Anthony Thirlby is a man on a mission. The general manager of Heidelberg’s Prinect technology is evangelical about the transformative power of software, specifically at this time, the Prinect Business Manager software that he and Heidelberg believe is key to unlocking production efficiencies in all types of print business and which will take the industry into the Industry 4.0 era with its emphasis on cyber-physical systems and seamless connectivity.
If that is a stride too far for most printers to contemplate, Thirlby can point to hundreds of Heidelberg customers who, perhaps unaware, have taken the first steps towards the future. These are the companies that are using JDF to connect different islands of production, most probably prepress to press and workflow to MIS.
Heidelberg reckons that around 100 customers worldwide have started on the full integration journey with some 2,500 having implemented a prepress to press connection, 500 a link to an MIS. This is still only a fraction of the total customer case that Heidelberg has globally. It is indicative that the press remains the centre of focus for most print businesses, not the way it represents an output platform in an interconnected production flow.
It is more accurate to say that, thanks to JDF, the industry has had the potential to take the leap in productivity that Industry 4.0 opens up for that time. “People are still using paper job tickets, they are reentering information, with the potential for inaccuracies and there is limited information transferred. Consequently people do not get the full potential from their manufacturing operation,” he says.
Thirlby famously achieved the full potential from manufacturing as managing director of ESP Colour, where he was achieving performance figures from XL series presses that Heidelberg did not believe was possible. For that he had to combine Heidelberg, Kodak and Tharstern technology. Now his message is that while connectivity and integration works, all this is possible from Prinect Business Manager. “If I were a customer, I would buy Business Manager,” he says.
It is the key, he argues, to increasing OEE of a printing press from 25% to 50% and with it the production efficiencies and margins that the top 10% of printers achieve. “There are big differences between customers,” he says, pointing to research in North America to support this, showing large gap between the top printers and the rest in terms of margins earned. “We know where the pain points are,” he adds.
That extra performance opened by the software can be harnessed to increase market share from existing equipment or to reduce operating costs where the market is consolidating.
Heidelberg already concedes that it is unlikely to increase market share in major economies so will not be growing sales of sheetfed litho presses. Instead its growth path includes digital, consumables and the software that Business Manager represents.
“If you can generate more capacity, you can have the same production with less cost, or you can increase capacity to gain the market share that you require,” says Thirlby.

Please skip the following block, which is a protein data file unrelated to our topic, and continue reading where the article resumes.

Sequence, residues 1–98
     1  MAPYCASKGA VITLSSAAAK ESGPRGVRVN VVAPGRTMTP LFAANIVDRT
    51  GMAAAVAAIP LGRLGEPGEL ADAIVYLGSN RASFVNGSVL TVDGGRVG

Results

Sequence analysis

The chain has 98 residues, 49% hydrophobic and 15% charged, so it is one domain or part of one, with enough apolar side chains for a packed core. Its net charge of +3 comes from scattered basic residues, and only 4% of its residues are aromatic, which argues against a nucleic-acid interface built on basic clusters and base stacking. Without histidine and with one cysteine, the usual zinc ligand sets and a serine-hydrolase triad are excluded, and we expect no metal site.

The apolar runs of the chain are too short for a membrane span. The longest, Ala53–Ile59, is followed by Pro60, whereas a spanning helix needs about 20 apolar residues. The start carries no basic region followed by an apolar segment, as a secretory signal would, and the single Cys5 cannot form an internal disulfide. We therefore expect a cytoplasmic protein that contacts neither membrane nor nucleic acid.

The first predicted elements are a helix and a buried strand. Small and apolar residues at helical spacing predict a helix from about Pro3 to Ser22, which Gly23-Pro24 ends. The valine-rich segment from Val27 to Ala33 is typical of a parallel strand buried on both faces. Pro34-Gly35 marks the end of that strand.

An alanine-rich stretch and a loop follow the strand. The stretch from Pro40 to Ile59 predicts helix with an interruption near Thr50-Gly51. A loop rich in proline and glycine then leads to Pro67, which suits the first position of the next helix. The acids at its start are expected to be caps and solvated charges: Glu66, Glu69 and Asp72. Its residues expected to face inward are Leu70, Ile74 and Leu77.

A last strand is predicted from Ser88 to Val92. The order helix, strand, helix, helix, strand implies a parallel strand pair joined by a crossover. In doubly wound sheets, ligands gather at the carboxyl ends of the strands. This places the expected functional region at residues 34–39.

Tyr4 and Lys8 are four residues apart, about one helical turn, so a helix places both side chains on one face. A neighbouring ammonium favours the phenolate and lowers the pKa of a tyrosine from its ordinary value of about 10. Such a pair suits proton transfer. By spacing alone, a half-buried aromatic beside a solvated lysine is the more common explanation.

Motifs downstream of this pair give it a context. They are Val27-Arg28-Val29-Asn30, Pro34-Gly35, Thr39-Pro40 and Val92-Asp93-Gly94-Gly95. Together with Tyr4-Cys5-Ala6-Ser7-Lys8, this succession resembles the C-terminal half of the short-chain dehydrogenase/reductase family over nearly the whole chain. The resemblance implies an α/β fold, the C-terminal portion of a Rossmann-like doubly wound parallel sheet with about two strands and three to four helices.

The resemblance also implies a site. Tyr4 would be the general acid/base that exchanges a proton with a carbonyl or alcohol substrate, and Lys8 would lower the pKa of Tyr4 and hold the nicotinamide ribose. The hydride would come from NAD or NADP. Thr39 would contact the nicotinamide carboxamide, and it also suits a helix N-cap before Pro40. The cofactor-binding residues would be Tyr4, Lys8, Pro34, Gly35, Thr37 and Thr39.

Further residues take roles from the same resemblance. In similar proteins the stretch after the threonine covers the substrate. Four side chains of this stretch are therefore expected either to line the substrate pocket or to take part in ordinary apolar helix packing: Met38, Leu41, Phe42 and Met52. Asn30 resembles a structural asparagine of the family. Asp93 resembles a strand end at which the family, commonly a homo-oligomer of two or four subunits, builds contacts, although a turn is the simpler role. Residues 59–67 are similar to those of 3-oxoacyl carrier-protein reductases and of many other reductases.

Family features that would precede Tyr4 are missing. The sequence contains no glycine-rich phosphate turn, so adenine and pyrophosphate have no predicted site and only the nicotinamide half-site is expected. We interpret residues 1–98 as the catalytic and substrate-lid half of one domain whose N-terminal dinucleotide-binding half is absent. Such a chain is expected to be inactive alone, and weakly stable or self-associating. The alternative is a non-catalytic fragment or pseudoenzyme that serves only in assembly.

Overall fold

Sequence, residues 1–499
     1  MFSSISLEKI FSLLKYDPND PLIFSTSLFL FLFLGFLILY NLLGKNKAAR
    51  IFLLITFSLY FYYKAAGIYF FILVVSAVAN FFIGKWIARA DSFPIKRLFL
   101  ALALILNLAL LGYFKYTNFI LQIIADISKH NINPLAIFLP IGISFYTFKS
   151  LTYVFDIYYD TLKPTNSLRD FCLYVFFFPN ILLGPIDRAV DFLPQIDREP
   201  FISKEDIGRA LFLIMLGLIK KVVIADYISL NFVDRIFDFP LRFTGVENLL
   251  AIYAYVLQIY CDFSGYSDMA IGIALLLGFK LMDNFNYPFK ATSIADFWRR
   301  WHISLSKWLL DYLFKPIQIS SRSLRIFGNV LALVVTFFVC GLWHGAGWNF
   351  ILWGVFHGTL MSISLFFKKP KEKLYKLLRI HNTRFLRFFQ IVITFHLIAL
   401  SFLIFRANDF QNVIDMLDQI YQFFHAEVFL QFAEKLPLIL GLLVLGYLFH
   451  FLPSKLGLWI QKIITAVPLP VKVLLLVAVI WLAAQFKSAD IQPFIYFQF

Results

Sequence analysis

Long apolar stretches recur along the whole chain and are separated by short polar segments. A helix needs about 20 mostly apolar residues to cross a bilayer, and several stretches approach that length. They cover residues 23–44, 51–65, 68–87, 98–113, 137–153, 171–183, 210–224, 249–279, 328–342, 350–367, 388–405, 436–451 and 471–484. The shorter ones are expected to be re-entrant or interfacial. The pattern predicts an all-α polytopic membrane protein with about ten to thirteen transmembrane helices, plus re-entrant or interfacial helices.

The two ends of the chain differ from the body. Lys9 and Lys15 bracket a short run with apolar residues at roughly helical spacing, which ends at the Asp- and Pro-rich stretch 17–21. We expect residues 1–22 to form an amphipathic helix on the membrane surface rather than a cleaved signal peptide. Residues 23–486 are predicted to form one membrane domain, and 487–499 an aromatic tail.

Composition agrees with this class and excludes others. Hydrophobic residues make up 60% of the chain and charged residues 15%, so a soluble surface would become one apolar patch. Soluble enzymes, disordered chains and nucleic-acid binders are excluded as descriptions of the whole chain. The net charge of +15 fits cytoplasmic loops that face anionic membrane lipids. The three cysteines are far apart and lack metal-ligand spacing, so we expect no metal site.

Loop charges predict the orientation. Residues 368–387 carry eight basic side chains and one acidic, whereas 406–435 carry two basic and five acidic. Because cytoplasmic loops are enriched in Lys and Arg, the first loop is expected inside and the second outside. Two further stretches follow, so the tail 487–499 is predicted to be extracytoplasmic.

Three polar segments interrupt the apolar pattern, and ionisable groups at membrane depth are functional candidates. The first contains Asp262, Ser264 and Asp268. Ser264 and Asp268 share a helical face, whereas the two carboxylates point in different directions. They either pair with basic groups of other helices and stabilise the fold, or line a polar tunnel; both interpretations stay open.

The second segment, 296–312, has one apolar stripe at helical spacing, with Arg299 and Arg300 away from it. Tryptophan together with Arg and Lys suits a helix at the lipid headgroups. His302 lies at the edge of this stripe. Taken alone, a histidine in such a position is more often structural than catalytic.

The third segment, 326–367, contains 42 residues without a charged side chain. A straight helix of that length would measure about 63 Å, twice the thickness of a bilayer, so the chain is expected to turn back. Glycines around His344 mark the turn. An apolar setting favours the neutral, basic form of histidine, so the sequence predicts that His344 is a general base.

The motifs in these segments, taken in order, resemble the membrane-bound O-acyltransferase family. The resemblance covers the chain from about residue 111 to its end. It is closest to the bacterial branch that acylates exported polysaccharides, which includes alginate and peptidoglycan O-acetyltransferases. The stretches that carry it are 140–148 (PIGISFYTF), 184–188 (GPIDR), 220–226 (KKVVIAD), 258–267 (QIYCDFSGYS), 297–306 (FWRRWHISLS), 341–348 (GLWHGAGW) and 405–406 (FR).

Business Manager is the layer that sits above the digital workflow. It tracks the progress of a job, sets the schedules and monitors production, much as a conventional MIS might. Business Manager is, however, positioned as more than an MIS, possibly semantics and undoubtedly only testable by companies that make full use of the technology.
Thirlby calls it a “business intelligence platform to focus on both business and production”. It will link every process in the business from incoming orders and CRM through production to delivery and invoicing. A new web to print portal is under test as a digital store front to replace the Pageflex derived system that Heidelberg started with and which was installed at customer 50 sites. The new version, currently in beta, is simpler, so is more suited to smaller print shops. While Heidelberg has through Prinect created a slick and production workflow, Prinect has always been limited in terms of outward connectivity. The new web shop technology will help address this.
None of this happens overnight. Heidelberg has trained its own staff and provided the tools for dealers where Heidelberg lacks its own sales organisation to do the same. It knows that it will have to provide training to customers, and more importantly create a compelling message to convince printers that the investment will be worthwhile.
“We have to demystify the complexity of the workflow,” says Thirlby, “and create the business platform for customers and focus on development of their own organisations. Even small print shows are experiencing the same pressures as the larger companies. Customers sometimes do not know where to start so we need to evolve and develop as they require.
“We have moved from being a craft industry. Now we have to allow customers to explain what it is they want to achieve, but most do not understand the benefit that software can bring. Business Manager is creating a lot of interest right now from different parts of the world. Business Manager is not just about having a digital workflow. Nobody else in the industry has this control over the end to end process. We have the right platform.
Anthony Thirlby says that rather than employ a team of programmers as was needed at ESP Colour, he would buy Print Business Manager as a business owner. Heidelberg, he says, is the only supplier with the full end to end solution for both business management and workflow and can supply either full or partial systems to both medium and large businesses.